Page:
Warm up. Temperature follows a circadian rhythm. Before sleep onset, the body’s temperature drops. You can mimic this natural occurrence by taking a warm bath or shower 90 minutes before bed, according to sleep scientists Patricia Murphy and Scott Campbell. When you get out, your body temperature will drop, and you’ll drop off, too.

Silence distractions. If sounds from the dishwasher downstairs (or your night owl neighbors) are keeping you from peaceful slumber, mask them with white noise. Visit www.simplynoise.com to play or download white noise tracks or listen to rain or wave sounds to soothe yourself to sleep. Don’t worry, you’ll still hear the kids if they call out in the night. Mom ears are practically bionic.

Curtail caffeine. Avoid coffee, tea, and chocolate late in the day so you don’t feel a jolt of energy at bedtime. Even if you get a lot done, you’ll pay for it tomorrow. If you are under the weather, beware over-the-counter cough and cold remedies: some contain stimulants that can keep you awake. Herbal tea and honey are good for your cold and for your sleep.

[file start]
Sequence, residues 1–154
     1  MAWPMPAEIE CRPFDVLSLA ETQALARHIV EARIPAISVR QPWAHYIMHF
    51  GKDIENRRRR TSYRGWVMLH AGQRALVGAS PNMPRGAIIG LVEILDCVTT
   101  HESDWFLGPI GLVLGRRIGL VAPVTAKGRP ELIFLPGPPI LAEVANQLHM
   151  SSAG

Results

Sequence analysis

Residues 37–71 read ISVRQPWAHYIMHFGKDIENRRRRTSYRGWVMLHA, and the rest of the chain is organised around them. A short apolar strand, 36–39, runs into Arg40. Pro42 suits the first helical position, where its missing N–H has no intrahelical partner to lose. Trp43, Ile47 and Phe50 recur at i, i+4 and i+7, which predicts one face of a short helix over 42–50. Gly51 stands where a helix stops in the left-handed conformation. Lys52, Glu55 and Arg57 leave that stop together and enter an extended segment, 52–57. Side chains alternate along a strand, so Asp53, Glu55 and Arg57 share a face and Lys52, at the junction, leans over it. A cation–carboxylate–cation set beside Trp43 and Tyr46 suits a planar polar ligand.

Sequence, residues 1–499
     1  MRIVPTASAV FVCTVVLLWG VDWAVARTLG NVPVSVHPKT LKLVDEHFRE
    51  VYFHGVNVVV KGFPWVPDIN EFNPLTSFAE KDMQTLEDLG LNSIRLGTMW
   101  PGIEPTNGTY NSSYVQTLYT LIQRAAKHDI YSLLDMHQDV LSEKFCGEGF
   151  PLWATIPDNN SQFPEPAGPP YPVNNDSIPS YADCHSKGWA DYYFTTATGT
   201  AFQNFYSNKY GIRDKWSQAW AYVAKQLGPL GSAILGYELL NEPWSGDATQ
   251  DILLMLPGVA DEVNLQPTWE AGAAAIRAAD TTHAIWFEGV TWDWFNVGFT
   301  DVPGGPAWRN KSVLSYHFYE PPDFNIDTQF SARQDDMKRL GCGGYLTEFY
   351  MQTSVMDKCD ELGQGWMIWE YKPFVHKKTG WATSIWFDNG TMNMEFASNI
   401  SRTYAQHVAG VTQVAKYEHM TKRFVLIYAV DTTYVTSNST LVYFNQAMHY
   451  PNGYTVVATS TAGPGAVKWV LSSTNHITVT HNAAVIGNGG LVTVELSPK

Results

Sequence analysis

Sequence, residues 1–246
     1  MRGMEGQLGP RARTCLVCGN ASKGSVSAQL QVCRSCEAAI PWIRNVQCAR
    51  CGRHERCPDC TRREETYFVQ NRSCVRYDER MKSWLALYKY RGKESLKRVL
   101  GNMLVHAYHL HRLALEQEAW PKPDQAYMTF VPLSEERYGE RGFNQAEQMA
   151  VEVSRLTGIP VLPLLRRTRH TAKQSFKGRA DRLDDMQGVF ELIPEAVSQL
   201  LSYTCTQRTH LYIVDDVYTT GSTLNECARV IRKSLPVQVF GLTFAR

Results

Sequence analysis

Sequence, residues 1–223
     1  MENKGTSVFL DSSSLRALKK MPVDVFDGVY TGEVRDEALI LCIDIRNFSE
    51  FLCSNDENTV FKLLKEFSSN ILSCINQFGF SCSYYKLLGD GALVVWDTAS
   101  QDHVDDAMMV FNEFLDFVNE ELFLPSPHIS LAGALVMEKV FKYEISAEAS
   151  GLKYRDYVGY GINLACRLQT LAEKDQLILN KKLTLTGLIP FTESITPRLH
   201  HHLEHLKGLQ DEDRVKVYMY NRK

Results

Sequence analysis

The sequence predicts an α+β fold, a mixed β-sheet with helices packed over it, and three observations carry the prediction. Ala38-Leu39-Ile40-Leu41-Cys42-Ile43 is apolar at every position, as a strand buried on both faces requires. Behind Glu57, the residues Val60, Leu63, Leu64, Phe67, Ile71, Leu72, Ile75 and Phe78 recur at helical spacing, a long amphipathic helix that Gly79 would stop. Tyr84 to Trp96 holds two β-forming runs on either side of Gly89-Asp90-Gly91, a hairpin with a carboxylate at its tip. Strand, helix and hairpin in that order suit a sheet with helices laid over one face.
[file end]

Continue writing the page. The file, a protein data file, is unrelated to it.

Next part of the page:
Move it. Exercise combats stress and enhances sleep. Twenty to 30 minutes of moderate aerobic activity will help you fall asleep faster, spend more time in deep sleep, and awaken less often. Late afternoon exercise can help you through the after-school energy slump but the National Sleep Foundation recommends finishing your workout at least 3 hours before bedtime. Otherwise, the post-workout buzz may keep you up.